Thursday, April 28, 2011


I’ve been asked many times if I’ve ever been to The Publican since it’s one of the more popular and well received restaurants in the city created by none other than Paul Kahan. Until this week my answer had been a surprising no. Every time I almost made it there I’d take a quick peek at the menu and wonder what the heck would I eat? I’m by no means a vegetarian/pescatarian or shy from trying new foods. But I also don’t run to eat lots of red meat or heavy pork products or other “natural” preparations. While I admire The Publican’s use of local farms and whole animal products, the menu is actually limited in scale (i.e. mostly Pork and raw seafood choices). If you’re not interested in blood sausages, various charcuterie, sweet breads and pork bellies then I’d say your experience might be limited to oysters, other raw seafood and some vegetables. I’m up for anything and was happy to check it out, especially the space (James Beard Award Winning Design) and highly regarded beer list.

I’ll join everyone else when I say the atmosphere and décor are top notch and not done justice through pictures. It’s a lively “beer hall” style experience with communal tables and a standing bar area. The room has a nice rumble of noise emanating from happy eaters and drinkers. It’s a place that encompasses happy people all sharing a similar experience drinking and eating good food. The beer list is quite interesting and full of choices you might not find in many places in Chicago. Don’t expect to find $3 bud lights or PBRs and most beers are large format with large format type prices.

We ordered a lot of food not because we were particularly hungry but because we wanted to sample what was on the menu that evening. For starters we had an order of pork rinds, French fries with an egg on top and steak tartare. I could stop right there and explain how eating those dishes would be more fat and cholesterol that I would want to consume in an entire week. But as they say, “when in Rome”…I’ve never been a pork rind fan and that didn’t change much after some of ones I had. If you get a good one that is light and airy, I can see the appeal. I also had one that was super tough and a potential tooth breaker. Oh well, maybe it’s a sign. Not surprising the fries with egg was awesome. What could be better than fried potatoes with eggs? Sounds like breakfast to me. We both were disappointed in the steak tartare – it tasted a bit more chewy and rare than the better ones I’ve had. It also lacked some basic flavor and seasonings. You shouldn’t be reminded that you’re eating raw meat.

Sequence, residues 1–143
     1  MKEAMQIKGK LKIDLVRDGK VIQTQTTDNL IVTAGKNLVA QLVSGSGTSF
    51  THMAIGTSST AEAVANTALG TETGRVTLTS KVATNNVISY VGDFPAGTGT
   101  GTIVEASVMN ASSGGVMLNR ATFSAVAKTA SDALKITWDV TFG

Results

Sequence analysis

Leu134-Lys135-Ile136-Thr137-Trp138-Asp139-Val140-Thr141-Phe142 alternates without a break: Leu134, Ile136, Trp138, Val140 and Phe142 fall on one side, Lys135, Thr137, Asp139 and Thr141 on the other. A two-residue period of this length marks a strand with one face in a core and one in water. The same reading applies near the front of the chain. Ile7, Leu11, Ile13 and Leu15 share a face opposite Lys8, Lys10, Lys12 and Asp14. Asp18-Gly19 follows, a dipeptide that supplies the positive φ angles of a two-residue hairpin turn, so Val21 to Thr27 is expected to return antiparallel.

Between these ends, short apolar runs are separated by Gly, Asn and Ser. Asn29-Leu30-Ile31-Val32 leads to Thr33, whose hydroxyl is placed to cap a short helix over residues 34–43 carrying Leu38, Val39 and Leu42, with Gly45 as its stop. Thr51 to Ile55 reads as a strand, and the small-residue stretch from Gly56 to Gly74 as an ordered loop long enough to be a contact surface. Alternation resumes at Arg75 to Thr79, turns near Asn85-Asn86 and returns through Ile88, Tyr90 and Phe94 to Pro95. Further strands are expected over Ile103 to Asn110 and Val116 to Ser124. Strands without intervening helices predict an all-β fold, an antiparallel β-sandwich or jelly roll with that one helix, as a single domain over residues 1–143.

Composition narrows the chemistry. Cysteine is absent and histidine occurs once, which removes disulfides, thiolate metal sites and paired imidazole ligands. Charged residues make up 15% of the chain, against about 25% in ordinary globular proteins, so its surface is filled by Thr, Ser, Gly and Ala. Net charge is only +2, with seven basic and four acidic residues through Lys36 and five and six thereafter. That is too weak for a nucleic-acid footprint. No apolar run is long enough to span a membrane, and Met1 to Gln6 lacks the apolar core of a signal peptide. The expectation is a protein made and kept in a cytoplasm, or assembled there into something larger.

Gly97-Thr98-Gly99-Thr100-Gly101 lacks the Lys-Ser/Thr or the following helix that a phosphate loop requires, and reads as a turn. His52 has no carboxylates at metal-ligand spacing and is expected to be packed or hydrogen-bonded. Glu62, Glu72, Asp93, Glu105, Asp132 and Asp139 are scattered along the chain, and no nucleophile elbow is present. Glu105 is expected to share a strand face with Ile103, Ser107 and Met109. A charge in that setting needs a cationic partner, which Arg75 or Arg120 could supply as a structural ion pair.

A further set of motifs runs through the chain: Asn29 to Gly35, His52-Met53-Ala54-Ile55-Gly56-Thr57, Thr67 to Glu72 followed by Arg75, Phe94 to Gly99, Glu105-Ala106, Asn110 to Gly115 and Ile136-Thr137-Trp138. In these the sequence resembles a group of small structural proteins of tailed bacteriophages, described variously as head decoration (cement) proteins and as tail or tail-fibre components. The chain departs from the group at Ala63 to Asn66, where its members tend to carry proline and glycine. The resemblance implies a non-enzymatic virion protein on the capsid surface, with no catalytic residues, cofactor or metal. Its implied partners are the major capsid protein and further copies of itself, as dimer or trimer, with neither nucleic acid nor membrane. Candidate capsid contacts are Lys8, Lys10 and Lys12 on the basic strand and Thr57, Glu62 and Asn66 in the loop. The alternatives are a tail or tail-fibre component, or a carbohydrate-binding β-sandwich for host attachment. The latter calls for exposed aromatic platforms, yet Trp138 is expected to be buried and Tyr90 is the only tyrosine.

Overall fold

The two fish dishes we tried were the squid and sablefish. I didn’t mind nor didn’t love the squid dish. It was served with a nice brown rice and some greens with avocado. The raw squid is exactly what it sounds like, raw little octopus guys. Not a whole lot going on without a lot of flavor either, but that’s the appeal of raw seafood right? The smoked sablefish was an interesting fish I don’t think I’ve had before. It was served on rye bread with fromage blanc, beets & endive. The dish was well presented and cooked, though I imagine sablefish is a strong flavor that you either like or don’t like. I’m in between but probably leaning on don’t like since I doubt I’d run back to order that dish again.

We went with two meat dishes, blood sausage and spare ribs. I actually liked the blood sausage even though I definitely don’t want to know how that’s made. There were a lot of good and interesting flavors with a texture I could handle. The spare ribs were not my favorite and more challenging to eat than I expected. As Brendan noted, they gave you the whole darn rump, with all the fat and cartilage intact. Even if the meat was tasty it was very hard to get at without a lot of work or consuming “the extras.” We also ordered a side of ramps, a.k.a. wild leeks, something I had never tried before. I enjoyed them and the basic presentation but flavorful sauce and cooking flavors. I guess it’s a unique taste a la collard greens or similar root vegetables. Maybe I was just craving something green after all the pork and meat.

I had a few great beers but could not tell you which ones because I just asked our server to bring me something good. When it was all said and done the check arrived and I was definitely surprised. Yes, we ordered a lot of food and didn’t eat all of it but looking at a $160 bill for two is still a little startling. And apparently that’s not uncommon from what I could gather. So what’s my takeaway? It’s a great place to hang out and drink with a very tailored menu. If you’re not a huge pork or oyster/raw bar person I don’t know if it’s a good fit. I can see the talent of the kitchen in their product even if it’s not something I’d order every day or ever again. Everyone raves about two things I have yet to try: the pork belly and the Sunday brunch (one of the best in town?). While it may not become a favorite go-to for me, I’d suggest everyone to check it out in case the food matches the impressive décor, service and drinks (but bring your larger wallet).

Publican on Urbanspoon 

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